They asked us questions about groups and organizations that I knew very little about. Day after day the same questions were asked. Every few days we would have a new interrogator, but his questions were the same as the preceding interrogator. All testimonies and questions were recorded with six typewritten copies. At the end of each day all the testimonies had to be signed as did the six copies of each page.
At night, we would be driven back to the jail. There we were searched and had our belts and shoes removed. Our bedding consisted of what we were wearing. Placed in cells measuring 8 feet wide, 12 feet long and 10 feet high, our physical existence took on a new limitation. Nonetheless, our spirits were determined and strong. The cells were filthy and never washed out. We were separated from each other but not alone in our cubicles. Each cell contained at least ten other prisoners, mostly common thieves, drug peddlers, and drunks. Often one of the cell companions would be cut or beaten so badly by the jailers that his moans would cut the night air. One night I returned to my cell to find one man with a three inch cut in his forehead. Blood was trickling down his face. His clothes were soaked in the blood he had lost earlier. We tried to comfort him and bandage his cut. We were successful, but it was a very uneasy night.
Most of the men could not speak any English, and some could not speak French either. At night the food ration consisted of only rice. If a prisoner had family or friends who knew he was in jail they could bring him food. The three of us were given more food and some fruit during the day at the national security building. At times we would have some rebellious youths in the cells who would take their portion of rice and in defiance throw it against the wall or the jailer. The cell was decorated in an early dungeon motif, complete with graffiti, dirt, dead insects, old rice, and blood. The cells were never cleaned out the entire 15 days that we were there.
At night prisoners would bang on the cell door hoping the jailer would come to let them out so they could use the toilet (a hole outside the cell). Many times the jailer would not come so the prisoner would urinate inside the cell, adding to the unbelievable smells and unsanitary conditions that already existed. During the night we would sleep closely together to keep warm. The only thing separating the cold concrete floor and us was a wood pallet normally used in warehouse storage. This time the stored "goods" were comprised of 11 men.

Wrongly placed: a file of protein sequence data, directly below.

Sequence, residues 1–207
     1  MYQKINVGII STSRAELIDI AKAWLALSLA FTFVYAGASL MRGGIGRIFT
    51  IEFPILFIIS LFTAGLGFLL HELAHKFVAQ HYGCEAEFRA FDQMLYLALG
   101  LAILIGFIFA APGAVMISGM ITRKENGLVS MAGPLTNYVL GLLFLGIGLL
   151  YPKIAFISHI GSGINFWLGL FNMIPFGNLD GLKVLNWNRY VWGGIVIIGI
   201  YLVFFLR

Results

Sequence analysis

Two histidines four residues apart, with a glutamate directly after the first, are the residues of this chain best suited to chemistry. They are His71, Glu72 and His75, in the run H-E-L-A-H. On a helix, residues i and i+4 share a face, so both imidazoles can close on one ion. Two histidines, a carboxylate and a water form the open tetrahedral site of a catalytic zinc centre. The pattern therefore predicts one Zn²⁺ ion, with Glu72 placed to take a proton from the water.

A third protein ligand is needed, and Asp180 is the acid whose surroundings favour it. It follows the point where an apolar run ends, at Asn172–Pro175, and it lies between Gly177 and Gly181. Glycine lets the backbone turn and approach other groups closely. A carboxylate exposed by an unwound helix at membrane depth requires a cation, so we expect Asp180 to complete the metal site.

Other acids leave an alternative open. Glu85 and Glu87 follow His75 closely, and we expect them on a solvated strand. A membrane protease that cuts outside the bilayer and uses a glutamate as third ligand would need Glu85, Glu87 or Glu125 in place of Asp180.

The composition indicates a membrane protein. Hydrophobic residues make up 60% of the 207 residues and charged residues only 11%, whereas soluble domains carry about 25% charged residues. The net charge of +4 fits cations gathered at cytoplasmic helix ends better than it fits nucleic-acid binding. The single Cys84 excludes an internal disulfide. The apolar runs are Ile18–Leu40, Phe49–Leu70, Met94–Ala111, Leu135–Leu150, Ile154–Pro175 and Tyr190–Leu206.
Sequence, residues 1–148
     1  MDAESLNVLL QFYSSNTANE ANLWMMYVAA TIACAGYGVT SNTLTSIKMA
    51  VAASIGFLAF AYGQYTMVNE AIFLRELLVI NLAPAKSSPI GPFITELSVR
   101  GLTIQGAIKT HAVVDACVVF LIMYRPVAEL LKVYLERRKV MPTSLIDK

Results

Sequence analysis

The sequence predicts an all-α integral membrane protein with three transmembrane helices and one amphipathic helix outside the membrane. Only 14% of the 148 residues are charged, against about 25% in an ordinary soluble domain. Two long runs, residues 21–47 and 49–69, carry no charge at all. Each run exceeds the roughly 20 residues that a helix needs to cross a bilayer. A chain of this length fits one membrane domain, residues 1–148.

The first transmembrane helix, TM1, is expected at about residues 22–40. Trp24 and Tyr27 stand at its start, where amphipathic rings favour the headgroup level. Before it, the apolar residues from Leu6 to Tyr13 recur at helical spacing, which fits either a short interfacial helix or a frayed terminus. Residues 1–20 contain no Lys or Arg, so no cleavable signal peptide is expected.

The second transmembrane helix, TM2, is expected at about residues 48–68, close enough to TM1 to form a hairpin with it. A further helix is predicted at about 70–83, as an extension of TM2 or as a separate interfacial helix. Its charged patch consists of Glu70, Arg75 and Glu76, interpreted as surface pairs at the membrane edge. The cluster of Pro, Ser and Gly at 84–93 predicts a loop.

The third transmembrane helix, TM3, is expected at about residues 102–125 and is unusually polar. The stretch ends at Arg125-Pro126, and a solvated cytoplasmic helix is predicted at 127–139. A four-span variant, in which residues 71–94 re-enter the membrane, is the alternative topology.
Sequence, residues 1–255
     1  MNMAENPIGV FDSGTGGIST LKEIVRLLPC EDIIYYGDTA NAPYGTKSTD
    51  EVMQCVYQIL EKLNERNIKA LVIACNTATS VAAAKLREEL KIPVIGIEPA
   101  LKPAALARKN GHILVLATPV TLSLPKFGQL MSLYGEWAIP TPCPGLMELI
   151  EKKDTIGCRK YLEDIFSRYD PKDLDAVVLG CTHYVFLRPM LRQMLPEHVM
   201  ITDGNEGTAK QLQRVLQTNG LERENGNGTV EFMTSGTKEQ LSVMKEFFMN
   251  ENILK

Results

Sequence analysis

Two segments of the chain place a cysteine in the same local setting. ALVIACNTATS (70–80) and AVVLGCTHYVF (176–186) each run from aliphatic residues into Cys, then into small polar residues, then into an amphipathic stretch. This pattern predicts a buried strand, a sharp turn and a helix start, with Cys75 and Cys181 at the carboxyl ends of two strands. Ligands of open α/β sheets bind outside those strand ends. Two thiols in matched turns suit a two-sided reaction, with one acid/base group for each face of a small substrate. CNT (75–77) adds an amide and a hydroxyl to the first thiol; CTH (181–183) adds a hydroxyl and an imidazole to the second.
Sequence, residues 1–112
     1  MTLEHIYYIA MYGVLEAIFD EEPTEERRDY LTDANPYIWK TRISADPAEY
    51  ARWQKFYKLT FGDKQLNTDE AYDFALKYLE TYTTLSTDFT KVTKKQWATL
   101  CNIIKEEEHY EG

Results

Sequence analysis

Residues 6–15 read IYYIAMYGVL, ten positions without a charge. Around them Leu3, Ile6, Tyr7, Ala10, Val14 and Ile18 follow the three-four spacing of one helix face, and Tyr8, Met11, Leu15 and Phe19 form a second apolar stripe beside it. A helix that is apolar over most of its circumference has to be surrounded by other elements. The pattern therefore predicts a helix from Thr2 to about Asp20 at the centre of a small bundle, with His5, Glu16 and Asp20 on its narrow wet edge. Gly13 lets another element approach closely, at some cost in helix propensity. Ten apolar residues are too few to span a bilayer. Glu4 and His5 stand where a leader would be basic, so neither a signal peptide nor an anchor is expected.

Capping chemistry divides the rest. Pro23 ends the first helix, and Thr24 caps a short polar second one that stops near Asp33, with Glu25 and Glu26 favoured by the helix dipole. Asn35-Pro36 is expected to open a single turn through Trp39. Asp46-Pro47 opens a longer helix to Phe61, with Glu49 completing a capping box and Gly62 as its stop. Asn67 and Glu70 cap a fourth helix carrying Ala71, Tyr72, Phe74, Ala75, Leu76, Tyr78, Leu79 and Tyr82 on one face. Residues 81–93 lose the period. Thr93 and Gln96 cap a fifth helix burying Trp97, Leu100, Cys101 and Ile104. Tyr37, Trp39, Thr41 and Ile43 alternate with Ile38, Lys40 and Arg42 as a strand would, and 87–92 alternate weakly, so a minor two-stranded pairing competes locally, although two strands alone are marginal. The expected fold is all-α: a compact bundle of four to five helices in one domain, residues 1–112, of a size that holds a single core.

On the night of August 5, 1975, I had a dream that we would be executed by a firing squad the next day. The dream was so real and vivid. Then on August 6th, we were actually sentenced without trial. The decision was that we were an internal and external threat to the security of the country and that we stood to endanger the relationship between our own countries and that of this nation. This was exactly opposite of our real purpose for coming to this island nation. Nonetheless, we were given written notice to leave the country within a period of 48 hours. What exactly would be the next step no one knew. And our interrogators and jailer would tell us nothing. After the decree was handed to us they returned us to jail. There they kept us for the next 48 hours in total suspense, so the 48-hour notice expired. We had disobeyed their command by staying over the requested time. It did not matter that they held us in custody for the period.
On August 11th they finally took us to the apartment to gather our belongings. The police guards first took what they wanted and then we were allowed to pack.
Everything ended so abruptly, like a knife cutting through an umbilical cord. The once warm feeling received from the surroundings and the people was now gone. The memory of the people and the beautiful countryside remained, but now from a distance.